Daylight was the problem. So New York Times columnist Bret Stephens, a passionate defender of Israel, changed the subject, sending forth an intemperate smoke-screen of anti-Semitism accusations and anti-Palestinian bigotry ("Omar, 'squad,' launch another anti-Israel strike," Opinion Exchange, Sept. 24).

Stephens was incensed that Minnesota's Fifth District U.S. Rep. Ilhan Omar and her colleagues known as "the squad" were among those who opposed sending a gratuitous $1 billion tribute to Israel to restock its Iron Dome. Pro-Israel members of the House had quietly slipped that gift into an unrelated piece of urgently needed legislation intended to prevent a shutdown of the U.S. government.

It was a backdoor way to send more money to an ally that is already the largest recipient — by far — of U.S. foreign aid. But Omar and others objected.

Consequently, the $1 billion for Israel was stripped from the bill to keep our own government running. No big deal really, because the Iron Dome funding passed two days later in H.R. 5323, the Iron Dome Supplemental Appropriations Act, a special bill of its own — as everyone in Congress, as well as Stephens, knew it would.

The problem was the daylight.

American taxpayers would now see that their representatives are sending another $1 billion to Israel in addition to the annual $3.8 billion we send them. The vote in the House was 420-9. No one doubts that the Senate will also overwhelmingly approve the extra money for Israel, and that the president will sign it.

Deal almost done. But in daylight.

Lest American readers think too hard about how and why their elected representatives so quickly authorized an additional $1 billion for Israel when they can't agree on most anything else, Stephens diverted our attention by attacking the nine members of the House who voted against H.R. 5323 with his smoke-screen accusations of anti-Semitism.

In particular he excoriated Omar and Michigan Rep. Rashida Tlaib, the only Palestinian-American in Congress. He called them Israel-haters and "ill-intended bigots." He accused them of wanting to undermine Israel's security by not supporting aid to Israel that should have been a "no-brainer."

The additional $1 billion for Israel is intended to restock Israel's Iron Dome system, which was used to intercept rockets fired at Israel from Gaza during May this year in response to Israeli police attacks on Palestinians at Jerusalem's Al-Aqsa Mosque. The Iron Dome was credited with keeping Israeli fatalities at 13 during the violent outbreak.

Meanwhile, Israel responded by bombing Gaza, causing about 240 deaths, including 66 children. Israeli bombs in May also destroyed some 2,400 homes in Gaza, displacing 120,000 people.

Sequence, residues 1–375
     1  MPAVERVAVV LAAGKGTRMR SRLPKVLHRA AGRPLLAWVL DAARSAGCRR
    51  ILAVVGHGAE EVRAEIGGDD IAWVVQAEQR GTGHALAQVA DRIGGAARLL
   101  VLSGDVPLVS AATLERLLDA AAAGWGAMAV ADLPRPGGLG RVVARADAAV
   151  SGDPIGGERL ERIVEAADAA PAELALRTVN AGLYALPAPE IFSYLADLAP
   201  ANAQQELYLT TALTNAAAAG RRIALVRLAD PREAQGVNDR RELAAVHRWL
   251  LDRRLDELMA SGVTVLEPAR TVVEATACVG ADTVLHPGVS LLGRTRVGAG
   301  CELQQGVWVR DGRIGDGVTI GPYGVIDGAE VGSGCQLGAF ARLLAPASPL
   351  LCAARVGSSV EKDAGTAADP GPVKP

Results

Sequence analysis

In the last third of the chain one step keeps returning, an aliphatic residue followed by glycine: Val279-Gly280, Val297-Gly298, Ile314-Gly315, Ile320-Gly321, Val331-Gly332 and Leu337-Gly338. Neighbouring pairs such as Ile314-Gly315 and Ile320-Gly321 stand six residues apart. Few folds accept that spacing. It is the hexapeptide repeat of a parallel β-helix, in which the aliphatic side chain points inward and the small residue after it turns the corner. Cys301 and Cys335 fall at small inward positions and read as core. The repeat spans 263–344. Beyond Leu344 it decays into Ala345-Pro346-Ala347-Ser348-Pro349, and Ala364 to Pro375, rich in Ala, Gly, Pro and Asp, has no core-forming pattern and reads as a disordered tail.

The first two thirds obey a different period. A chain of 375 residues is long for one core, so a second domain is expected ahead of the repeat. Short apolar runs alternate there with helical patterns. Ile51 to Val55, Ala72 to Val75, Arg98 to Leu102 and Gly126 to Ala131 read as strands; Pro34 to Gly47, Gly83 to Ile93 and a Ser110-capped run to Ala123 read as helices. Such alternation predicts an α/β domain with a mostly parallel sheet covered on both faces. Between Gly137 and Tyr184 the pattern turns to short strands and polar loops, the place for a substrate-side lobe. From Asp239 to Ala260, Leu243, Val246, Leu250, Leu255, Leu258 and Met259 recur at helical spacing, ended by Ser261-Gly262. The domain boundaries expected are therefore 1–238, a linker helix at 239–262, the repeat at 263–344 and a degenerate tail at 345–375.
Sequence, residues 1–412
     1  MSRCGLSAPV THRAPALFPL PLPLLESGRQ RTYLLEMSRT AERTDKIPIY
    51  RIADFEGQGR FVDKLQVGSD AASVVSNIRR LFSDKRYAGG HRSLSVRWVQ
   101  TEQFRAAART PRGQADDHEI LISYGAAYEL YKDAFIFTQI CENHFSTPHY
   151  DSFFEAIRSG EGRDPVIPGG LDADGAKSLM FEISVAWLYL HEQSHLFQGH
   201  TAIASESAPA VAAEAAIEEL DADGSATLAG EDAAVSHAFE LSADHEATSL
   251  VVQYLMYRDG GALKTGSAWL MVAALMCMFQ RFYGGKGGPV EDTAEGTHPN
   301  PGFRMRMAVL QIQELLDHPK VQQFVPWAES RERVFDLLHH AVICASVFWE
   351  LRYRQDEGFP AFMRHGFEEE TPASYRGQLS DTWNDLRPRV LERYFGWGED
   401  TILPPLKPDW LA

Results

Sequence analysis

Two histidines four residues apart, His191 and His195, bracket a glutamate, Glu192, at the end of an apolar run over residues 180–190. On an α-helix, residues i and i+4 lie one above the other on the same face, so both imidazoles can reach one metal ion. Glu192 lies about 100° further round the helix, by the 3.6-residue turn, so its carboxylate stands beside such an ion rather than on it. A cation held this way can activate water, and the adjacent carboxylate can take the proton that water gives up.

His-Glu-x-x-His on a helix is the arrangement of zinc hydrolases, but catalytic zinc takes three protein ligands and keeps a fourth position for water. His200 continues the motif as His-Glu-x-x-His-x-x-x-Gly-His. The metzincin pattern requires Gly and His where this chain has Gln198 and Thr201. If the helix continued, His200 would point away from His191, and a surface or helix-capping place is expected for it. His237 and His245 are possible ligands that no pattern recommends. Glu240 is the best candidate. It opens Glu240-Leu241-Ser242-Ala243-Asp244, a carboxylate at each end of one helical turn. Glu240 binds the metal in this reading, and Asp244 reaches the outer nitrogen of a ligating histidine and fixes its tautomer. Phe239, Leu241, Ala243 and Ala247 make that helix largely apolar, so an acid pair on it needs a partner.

Minnesota's Fourth District Rep. Betty McCollum was among the 420 who voted to approve the additional $1 billion to restock the Iron Dome. She did so, she said in a news release, because the bill is intended to save lives. At the same time, however, she pointed out that "innocent Palestinians who live under military occupation are regularly killed by Israeli security forces" and have no Iron Dome to protect them. She also said Congress "ignores Israel's blatant violations of international humanitarian law, especially against Palestinian children."

McCollum said the $1 billion supplement for the Iron Dome was not requested by the Biden administration and is in addition to the $500 million for Israeli missile defense programs already included in the 2022 appropriations bill, which she authored.

McCollum is the author of another bill that does have Palestinian interests in mind, H.R. 2590, Defending the Human Rights of Palestinian Children and Families Living Under Israeli Military Occupation. Her bill would prohibit Israel from using U.S. taxpayer dollars for the military detention of Palestinian children, the seizure or destruction of Palestinian homes or the annexation of Palestinian territory.

That bill currently has 30 cosponsors. If only more of those 420 members of Congress who hastily allocated an extra $1 billion for Israel's defense would realize that McCollum's bill to defend human rights for Palestinians is a clearer road to a just peace than the Iron Dome.

Should McCollum's H.R. 2590 ever make it to the floor of the House for a vote, I wonder what Stephens would write about it. Would he call her attempt to put human rights conditions on Israel's use of American taxpayer dollars "Israel-hating"? Anti-Semitism? Bigotry?

Or dare we hope that he would extend his passionate concern for Israeli lives to the lives of Palestinians who live in the territories Israel has occupied for 73 years?

Mary Christine Bader is a writer in Wayzata and a member of Middle East Peace Now.